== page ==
By Ryan Besch

Posted in Debt - 4 weeks ago

Student Loans 101: A Preemptive Strategy

Student Loans 101: A Preemptive Strategy

Why It Matters:
  • Americans owe $1.3 trillion in student loan debt.
  • Build stronger bonds with clients by providing guidance for their college-bound kids.
  • When it comes to conquering student debt, the best start is an early one.

There are over 44 million student loan borrowers in the U.S. with a combined $1.3 trillion in student debt. Chances are, you have at least one client who’s personally combating this or who has college-bound kids who will be.

There’s a misperception that student debt should be left alone until after school, when graduates have a more dependable stream of income. Truth is, the earlier you get started the better.

Sharing the following strategies with clients may help build stronger bonds by demonstrating your attentiveness. Likewise, it may convince the younger generation to stick with you in the future.

  1. Aim to save.

As all students know, getting creative with money is required learning on campus. While hectic schedules eat up a lot of time, students should make an effort to prep their own meals whenever possible. The savings can really add up.

The same goes for beverages, especially coffee. Let’s say you grab a cup a day from the local café for $4.00. Five drinks a week times 52 weeks equates to $1,040 a year spent on coffee. Compare this to brewing your own at home, which costs about 16 to 18 cents per cup.

If possible, never buy brand new course materials — consider renting your textbooks or buying them used instead. If you start early, you may be able to find some of your materials free through the school’s library.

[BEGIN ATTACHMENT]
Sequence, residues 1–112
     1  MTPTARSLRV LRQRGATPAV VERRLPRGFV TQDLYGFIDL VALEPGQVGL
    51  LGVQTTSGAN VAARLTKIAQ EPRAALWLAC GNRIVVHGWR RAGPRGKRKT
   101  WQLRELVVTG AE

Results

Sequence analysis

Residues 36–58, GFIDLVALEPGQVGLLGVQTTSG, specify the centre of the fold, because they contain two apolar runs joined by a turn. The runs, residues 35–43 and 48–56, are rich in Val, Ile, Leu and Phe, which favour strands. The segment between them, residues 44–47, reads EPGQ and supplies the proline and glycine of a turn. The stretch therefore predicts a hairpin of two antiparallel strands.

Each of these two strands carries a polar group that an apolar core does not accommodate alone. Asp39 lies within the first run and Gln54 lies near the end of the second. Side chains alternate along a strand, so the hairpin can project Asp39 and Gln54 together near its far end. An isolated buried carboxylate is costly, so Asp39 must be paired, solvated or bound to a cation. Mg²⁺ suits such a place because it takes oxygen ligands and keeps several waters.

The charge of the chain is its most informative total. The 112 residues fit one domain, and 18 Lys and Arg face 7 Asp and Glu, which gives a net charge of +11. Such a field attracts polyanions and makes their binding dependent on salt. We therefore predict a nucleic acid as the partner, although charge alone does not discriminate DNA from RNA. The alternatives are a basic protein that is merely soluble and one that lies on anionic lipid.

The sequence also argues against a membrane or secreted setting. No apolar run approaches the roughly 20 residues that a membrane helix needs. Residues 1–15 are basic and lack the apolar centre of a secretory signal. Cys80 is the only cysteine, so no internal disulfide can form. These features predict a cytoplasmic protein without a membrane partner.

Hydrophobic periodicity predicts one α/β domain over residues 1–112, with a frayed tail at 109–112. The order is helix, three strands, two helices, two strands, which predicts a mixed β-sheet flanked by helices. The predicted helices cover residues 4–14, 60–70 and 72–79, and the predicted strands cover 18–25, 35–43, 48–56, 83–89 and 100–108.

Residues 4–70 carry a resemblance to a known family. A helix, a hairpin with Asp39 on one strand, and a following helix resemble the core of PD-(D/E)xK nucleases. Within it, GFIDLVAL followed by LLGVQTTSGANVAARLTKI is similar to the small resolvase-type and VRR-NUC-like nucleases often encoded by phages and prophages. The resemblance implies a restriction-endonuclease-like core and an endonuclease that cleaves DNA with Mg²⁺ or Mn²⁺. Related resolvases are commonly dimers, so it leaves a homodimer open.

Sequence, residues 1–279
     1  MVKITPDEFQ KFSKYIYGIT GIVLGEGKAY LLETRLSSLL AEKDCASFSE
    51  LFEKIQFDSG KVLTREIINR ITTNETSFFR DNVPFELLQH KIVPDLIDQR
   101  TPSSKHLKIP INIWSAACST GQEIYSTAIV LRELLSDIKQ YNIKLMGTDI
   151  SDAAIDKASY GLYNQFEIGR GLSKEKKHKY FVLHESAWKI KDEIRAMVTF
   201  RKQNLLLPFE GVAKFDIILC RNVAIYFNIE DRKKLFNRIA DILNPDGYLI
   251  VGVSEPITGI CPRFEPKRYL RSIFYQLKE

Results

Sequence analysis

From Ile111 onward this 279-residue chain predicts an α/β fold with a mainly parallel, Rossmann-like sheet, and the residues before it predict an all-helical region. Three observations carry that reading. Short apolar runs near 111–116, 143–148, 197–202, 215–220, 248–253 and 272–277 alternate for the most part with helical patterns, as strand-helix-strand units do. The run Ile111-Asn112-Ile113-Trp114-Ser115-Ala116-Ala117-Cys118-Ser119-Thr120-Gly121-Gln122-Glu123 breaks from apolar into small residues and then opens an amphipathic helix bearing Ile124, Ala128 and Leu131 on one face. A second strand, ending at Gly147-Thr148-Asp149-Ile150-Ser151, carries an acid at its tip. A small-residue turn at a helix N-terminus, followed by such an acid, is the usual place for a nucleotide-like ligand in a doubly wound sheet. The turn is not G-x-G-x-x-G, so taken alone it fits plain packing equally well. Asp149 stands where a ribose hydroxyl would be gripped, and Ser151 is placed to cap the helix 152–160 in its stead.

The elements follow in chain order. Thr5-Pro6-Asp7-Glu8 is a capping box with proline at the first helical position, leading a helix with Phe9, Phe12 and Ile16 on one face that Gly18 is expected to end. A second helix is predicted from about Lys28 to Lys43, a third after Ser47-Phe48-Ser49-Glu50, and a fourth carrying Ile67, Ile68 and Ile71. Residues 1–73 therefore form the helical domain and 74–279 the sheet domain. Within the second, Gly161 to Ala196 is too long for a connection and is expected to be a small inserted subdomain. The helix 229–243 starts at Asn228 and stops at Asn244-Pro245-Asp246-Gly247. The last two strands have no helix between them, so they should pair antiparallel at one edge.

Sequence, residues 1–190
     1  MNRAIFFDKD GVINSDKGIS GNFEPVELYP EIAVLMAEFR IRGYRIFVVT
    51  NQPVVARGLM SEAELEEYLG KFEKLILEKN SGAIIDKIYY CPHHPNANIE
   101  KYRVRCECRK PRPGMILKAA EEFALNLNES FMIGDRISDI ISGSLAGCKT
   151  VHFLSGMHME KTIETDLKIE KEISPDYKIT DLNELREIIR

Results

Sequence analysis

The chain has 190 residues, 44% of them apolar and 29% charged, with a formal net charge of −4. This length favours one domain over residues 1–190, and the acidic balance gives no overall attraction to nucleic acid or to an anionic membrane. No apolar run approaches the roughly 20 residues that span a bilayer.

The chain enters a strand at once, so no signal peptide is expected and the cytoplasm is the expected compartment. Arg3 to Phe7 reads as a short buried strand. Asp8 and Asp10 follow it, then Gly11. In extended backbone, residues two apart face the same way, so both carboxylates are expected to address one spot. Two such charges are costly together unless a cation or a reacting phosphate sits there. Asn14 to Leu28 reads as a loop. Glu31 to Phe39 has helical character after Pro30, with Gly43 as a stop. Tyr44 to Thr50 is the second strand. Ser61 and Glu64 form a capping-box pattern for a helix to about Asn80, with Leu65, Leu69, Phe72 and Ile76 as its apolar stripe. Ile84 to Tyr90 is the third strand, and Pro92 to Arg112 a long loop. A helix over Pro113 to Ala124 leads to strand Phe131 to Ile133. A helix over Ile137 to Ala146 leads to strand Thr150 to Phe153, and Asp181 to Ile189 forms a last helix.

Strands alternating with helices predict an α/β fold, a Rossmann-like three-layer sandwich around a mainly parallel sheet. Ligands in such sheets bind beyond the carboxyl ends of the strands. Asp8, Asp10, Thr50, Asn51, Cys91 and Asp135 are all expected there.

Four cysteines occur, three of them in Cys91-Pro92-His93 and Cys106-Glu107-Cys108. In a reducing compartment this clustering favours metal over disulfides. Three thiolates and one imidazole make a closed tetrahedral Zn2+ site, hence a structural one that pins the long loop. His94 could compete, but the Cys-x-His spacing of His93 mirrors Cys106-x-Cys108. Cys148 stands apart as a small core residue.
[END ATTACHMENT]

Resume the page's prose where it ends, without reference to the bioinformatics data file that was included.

For entertainment needs, check bulletin boards and postings around campus for upcoming concerts, movies, exhibits, and other social events. They’re generally affordable, if not free. Bonus: Social activities are thought to help reduce stress levels. According to the American Psychological Association, having strong social support can improve your ability to cope with problems on your own by improving your self-esteem and sense of autonomy.

  1. Find work on/around campus

Getting a part- or full-time job can help keep your expenses down, providing an extra buffer against debt. Business major? Consider asking around the marketing department if they need help. Fitness fanatic? Apply for jobs at the student rec center. Even a quiet position at the library can be fruitful as a built-in study environment during slow hours.

Check out announcements, flyers, and the college newspaper for local job listings. You can rake in additional income online for freelance work as well. Explore sites like Fiverr, UpWork, or TaskRabbit to find work that best fits you. Most projects are short term, granting flexibility every busy student needs.

  1. Explore scholarships or financial aid.

Many think scholarships are reserved for students with superior grades or stunning athletic ability. Well, scholarships and financial aid opportunities also exist for students who have trouble paying their tuition. There are free online scholarship search engines that can help you find scholarships that match your skills and situation, even if you’re already in college, such as the search engine available through the College Board.

Meet with a student advisor to talk over your financial situation. While requirements for scholarships and financial aid vary, there may be a scholarship or financial aid program that can help cover some of your tuition. Lastly, don’t forget FAFSA, the Free Application for Federal Student Aid.

  1. Consider refinancing.

Refinancing your loans can help lower your monthly payments, your interest rate, and improve your odds of paying off your loan faster. Explore sites like Make Lemonade, helpful resources with tips and tools for managing your student loans. They recently put together a list of “top student loan refinancing picks for 2017.”

It’s easy to get overwhelmed with stress and anxiety when attempting to chip away at a mountain of debt. If you’re out of school and have already refinanced and still feel helpless, consider doing some research on student loan forgiveness programs. There are four primary programs with varied qualifications and eligibilities. You can learn more about them here.


What to Do:
  • Let clients know there’s no such thing as prepping too early when it comes to student loans.
  • After graduation, refinancing your loan may be incredibly beneficial.
  • Getting over particularly mountainous student debt may require a trajectory shift in life plans. Stay positive and stay proactive.

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